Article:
Mitsubishi Outlander PHEV 2015Talk about right car, right time. When Mitsubishi launched the Outlander PHEV in spring 2014, Britain’s plug-in hybrid sector hadn’t broken the 1,000 annual sales mark. A year after launch, Mitsubishi had clocked up 10,000 sales and the Outlander had taken over 8 in 10 of them. It’s defined the sector for many thousands of buyers and has transformed the Mitsubishi brand in the process. It’s been an enormous success.

VIDEO: Boris Johnson test drives new Mitsubishi Outlander PHEV

Being able to sell it for the same price as a diesel helped enormously: this was the UK Mitsubishi management team’s masterstroke, and the rest of the market still hasn’t caught up. Indeed, it was enough to help us overlook the Outlander PHEV’s weaknesses: hard to quibble too much about a plasticky interior and iffy refinement when you’ve a gamechanger on your hands.

But now, 18 months on, the market is starting to catch up. It’s still not there yet, Mitsubishi proudly points out, but it’s still launched its response in readiness: the new, much-improved 2016 Outlander PHEV facelift. It is, says the firm, one of the most detailed and far-reaching model year upgrades it’s ever rolled out.


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Pleasingly, it’s a facelift that looks a lot different to its predecessor. No squinting to make out tweaked grille shapes here. The new ‘dynamic shield’ front end is a new Mitsubishi family look and it’s very striking, particularly the mean-looking headlights with built in LED running lights and black-finish central section.

There are new wheels, new colours and, at the rear, new LED tail lamps that are broader, smarter and classier. It gives the Outlander PHEV a much more upmarket appearance, adding substance to the slightly weedy, tippy-toe look of the old car (although it’s a pity the slightly orange-peely paint and tinny clang when you close the doors remain).

The improvements aren’t just skin deep either and, although prices have gone up by £1,000, equipment levels have been boosted to compensate for this. More importantly, the gamechanger has upped its game throughout and is now a plug-in hybrid pioneer you need make no excuse for.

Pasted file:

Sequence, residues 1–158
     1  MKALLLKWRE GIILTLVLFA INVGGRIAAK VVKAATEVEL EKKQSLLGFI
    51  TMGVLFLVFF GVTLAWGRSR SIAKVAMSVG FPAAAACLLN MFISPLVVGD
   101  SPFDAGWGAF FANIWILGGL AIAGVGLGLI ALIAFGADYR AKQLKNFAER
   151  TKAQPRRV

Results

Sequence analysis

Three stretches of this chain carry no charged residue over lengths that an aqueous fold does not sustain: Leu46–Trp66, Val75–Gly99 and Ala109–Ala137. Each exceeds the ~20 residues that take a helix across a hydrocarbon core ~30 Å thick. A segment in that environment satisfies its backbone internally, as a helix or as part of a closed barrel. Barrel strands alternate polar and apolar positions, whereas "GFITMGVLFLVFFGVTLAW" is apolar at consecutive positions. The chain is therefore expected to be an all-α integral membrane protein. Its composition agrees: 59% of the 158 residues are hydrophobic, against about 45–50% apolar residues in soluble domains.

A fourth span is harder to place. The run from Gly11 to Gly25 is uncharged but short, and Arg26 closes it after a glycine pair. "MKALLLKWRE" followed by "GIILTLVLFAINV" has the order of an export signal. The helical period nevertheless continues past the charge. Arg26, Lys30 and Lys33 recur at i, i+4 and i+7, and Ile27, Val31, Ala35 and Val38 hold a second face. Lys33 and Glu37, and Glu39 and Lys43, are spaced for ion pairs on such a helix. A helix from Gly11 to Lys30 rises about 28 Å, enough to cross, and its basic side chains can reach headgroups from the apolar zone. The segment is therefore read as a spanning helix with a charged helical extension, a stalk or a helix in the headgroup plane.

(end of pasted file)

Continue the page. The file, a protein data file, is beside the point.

2016 Mitsubishi Outlander PHEV: on the road

Mitsubishi Outlander PHEV 2015

Even if you don’t read the nuances of Mitsubishi’s thorough suspension makeover for the Outlander PHEV, you’ll appreciate the benefits, for it’s a notably more pleasant car to ride in and steer. There’s retuned power steering, new anti-roll bars plus upgraded springs and dampers, blending to give more stability, less wallowy handling and a quieter, more composed ride.

It now feels like the springs are better able to use their full travel to absorb bumps and the extra smoothness at speed is welcome. While it doesn’t steer like a sports car – it’s too slow and remote for that – the extra bite and positivity in the system is reassuring and it all makes the Outlander PHEV feel more accurate and less cumbersome to drive.

The powertrain hasn’t changed: there’s still a 60hWh motor for the front wheels and an identical one for the rear, making this the only genuine electric-drive four-wheel drive on sale. It’s the only one whose stability control system works in full EV mode and the only one with active yaw control taken from the Mitsubishi Evo supersaloon.